Fondly, Pennsylvania

What use is a blog?

Thursday, 11/12/09

Spurred by a spate of positive comments about, first, the Chew blog and now Fondly, Pennsylvania, I have been thinking a lot about how readers use the information they gather from following our blog offerings.

I was really pleased to know that Seth Bruggeman has been using our blogs in his Public History and American Studies classes at Temple, and equally excited to have Timothy, one of Seth's students, blogging with us here.  I know that several other professors have used the Chew blog in their history courses, and I recently heard from Matt Herbison that Susan Davis has also used the Chew blog in her archives courses at Drexel.  All of this leaves me cheering.  I have connected with other archives bloggers about what they're doing, and it has helped me to shape my ideas about how to use this valuable resource.  This whole digital community idea seems to be unfolding beautifully.  The only part missing is direct feedback from users.

How do we know what will mean something to you, our dear readers?  How can we keep you reading along?  How can we serve up the most interesting, tantalizing behind the scenes views from our shop?

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I guess, in many ways, this is always the problem with information management.  We provide many tools to our users, but it is sometimes difficult to know which ones serve them best.  So we do user studies or solicit feedback from our patrons.  Or we just guess.

Up until now, we've just been guessing here at the Historical Society of Pennsylvania.  We're putting out the stories of what we're doing, and people seem to be reading along, but we don't really know why.  Is it because we have a nice look about us?  Do you appreciate our sometimes serious, sometimes silly approach?  Or is it really the collections that grab you?  What pleases you?

No, really, I'm asking...

I would love to hear from you--any and all of you--about how you use our blogs.  Please leave us a comment to tell us what you love, what you wish there were more of, and even what you could really do without.  Tell us what you do with the information you gather here--is it sheerly for pleasure?  Are you an archivist, conservator, or historian who likes to keep up with the field?  What use is this blog to you?  I would especially encourage those of you who were followers of the Chew blog and have now migrated to Fondly, Pennsylvania to respond.  I really look forward to hearing from some of you.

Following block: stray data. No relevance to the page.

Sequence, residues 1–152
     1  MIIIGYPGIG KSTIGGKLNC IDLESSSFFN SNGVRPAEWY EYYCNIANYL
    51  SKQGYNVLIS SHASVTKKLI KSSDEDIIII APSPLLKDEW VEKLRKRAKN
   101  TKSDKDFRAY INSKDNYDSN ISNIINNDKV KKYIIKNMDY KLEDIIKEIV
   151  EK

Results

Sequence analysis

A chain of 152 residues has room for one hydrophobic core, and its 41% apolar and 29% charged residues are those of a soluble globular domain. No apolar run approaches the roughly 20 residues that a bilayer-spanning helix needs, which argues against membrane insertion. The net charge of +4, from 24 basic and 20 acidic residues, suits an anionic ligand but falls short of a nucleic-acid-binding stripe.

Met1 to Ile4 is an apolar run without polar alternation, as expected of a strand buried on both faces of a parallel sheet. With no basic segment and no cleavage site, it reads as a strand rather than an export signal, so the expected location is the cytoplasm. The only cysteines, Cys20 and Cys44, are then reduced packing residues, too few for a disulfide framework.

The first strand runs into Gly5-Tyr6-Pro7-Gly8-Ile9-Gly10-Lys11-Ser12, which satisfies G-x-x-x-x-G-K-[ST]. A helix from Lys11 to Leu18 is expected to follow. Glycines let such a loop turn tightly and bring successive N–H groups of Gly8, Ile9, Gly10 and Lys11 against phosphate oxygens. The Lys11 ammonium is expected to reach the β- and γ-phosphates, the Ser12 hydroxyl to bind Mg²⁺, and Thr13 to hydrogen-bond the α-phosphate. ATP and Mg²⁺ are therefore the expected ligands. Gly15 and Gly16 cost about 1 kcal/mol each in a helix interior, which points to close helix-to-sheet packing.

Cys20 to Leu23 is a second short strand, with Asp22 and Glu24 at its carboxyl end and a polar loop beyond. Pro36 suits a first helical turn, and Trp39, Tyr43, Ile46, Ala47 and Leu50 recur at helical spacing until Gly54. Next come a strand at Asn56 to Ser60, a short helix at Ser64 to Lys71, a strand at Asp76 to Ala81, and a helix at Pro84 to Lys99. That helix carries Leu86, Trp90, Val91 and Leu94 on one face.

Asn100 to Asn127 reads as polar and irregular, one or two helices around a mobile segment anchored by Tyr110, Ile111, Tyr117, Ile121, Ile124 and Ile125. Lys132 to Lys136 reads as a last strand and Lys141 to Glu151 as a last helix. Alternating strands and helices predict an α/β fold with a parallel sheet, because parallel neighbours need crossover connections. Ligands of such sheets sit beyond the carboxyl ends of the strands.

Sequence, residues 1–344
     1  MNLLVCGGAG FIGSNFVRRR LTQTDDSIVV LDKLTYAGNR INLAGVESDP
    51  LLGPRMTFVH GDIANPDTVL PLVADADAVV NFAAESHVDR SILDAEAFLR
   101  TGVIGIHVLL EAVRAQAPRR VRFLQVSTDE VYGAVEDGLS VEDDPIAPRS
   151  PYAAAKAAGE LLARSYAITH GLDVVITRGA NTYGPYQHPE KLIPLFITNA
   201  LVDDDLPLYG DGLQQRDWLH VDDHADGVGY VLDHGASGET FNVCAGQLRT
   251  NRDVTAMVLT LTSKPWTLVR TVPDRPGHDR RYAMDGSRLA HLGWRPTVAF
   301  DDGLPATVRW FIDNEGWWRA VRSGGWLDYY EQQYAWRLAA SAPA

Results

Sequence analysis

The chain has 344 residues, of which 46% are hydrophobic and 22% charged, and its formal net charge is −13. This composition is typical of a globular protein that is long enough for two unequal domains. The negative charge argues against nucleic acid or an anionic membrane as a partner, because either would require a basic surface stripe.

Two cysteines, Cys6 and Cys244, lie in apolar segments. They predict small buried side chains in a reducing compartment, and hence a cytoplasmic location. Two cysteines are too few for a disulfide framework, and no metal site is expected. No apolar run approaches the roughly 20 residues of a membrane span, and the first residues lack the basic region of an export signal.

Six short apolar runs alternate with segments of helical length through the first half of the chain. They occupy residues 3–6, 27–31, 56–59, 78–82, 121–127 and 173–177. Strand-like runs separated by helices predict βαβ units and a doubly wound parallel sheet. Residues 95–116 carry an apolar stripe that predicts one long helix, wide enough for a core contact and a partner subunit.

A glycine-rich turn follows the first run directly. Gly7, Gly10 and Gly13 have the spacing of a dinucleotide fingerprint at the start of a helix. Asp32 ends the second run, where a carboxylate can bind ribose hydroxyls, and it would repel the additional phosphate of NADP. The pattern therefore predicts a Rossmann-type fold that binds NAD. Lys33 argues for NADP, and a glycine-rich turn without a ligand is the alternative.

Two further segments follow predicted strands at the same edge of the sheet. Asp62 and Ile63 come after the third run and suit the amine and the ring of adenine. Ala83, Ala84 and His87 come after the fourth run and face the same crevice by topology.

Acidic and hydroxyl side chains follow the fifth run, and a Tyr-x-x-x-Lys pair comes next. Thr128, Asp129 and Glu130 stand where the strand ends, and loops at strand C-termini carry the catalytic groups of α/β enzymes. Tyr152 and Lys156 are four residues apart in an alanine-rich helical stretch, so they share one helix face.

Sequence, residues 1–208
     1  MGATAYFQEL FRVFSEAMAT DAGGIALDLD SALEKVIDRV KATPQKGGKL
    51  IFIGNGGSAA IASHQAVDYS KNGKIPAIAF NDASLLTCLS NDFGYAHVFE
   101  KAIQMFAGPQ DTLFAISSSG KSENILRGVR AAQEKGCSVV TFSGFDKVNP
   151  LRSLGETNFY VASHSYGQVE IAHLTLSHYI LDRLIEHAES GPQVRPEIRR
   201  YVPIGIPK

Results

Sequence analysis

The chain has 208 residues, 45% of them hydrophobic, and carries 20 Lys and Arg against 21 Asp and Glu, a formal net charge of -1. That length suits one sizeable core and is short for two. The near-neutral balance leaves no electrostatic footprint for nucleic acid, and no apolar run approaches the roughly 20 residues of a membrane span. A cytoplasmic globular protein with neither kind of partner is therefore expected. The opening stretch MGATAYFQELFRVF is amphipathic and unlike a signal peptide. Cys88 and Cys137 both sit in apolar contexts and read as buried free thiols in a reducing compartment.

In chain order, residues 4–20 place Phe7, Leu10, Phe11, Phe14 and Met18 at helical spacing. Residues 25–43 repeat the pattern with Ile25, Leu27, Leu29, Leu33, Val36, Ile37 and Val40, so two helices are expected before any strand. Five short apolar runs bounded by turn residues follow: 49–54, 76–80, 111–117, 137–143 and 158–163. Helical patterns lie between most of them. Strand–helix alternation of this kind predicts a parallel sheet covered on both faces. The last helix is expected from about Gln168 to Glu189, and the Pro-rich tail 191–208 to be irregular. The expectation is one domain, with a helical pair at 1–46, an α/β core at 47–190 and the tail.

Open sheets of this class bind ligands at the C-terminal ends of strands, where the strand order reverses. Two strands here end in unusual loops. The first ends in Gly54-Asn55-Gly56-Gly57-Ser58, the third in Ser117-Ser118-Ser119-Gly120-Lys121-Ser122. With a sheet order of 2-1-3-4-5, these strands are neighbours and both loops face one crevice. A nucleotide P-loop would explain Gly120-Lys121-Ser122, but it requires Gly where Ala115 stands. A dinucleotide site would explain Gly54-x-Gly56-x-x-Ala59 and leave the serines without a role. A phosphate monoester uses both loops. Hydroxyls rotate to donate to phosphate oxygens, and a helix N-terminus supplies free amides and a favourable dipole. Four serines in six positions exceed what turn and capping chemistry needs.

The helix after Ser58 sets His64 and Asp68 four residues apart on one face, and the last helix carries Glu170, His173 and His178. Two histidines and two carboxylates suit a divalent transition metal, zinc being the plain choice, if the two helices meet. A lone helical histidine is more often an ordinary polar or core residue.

Thank you for reading, and for your thoughtful feedback.

Fondly,  Cathleen

Comments

Applause, applause for

Applause, applause for considering the user/customer experience! Blogs have such an ability to share information, build connections and community and supplement the real world experience. I've only discovered this site fairly recently and so need to explore more before I respond to your question (if I may). The HSP has such rich archives -- I've always enjoyed my visits there and am looking forward to you realizing the wonderful potential of sharing those resources via the internet.

Thank you for your response.

Thank you for your response. We are fairly new to exploring this medium for sharing our collections, so any feedback--now or in the future--is welcome.
Thanks for reading!

Your item about the secrets

Your item about the secrets of painless rehousing reminded me that I wanted to respond to your question in this entry. I frequently recommended the Chew blog to fellow/new archivists for its wonderful descriptions of the regular activities in an archives. Of most interest are the description and photos of the work in progress and the workspace. I saved several for future reference when making budget requests. I am glad to see that the new blog will continue to give a view behind the scenes. I also appreciated the entry last month about a controversial event at HSP; such an open and thoughtful account is a credit to the professionalism of your staff.

When another archivist asks me what blogs I find worth following I used to say ArchivesNext for the big picture in archivy and Chew for the well-run reality. Now I will replace Chew with Fondly. Oh, and a daily skim of ArchivesBlogs, the syndicated blog aggregator, to find those great blogs like Fondly.

What a wonderful compliment!

What a wonderful compliment! Thank you so much for this thoughtful feedback. When I conceived of the Chew blog, it was because I felt like the behind-the-scenes work is such a mystery, not only to the general public but to many historians and other frequent users of archives. I thought it would serve our profession well to have more people see how hard the work we actually do is, and perhaps give them a sense of the weight of the decisions we have to make as we process materials.

I am so glad to know that this element of the blog is appealing and helpful. I will keep those entries coming!
Thank you again for your response.

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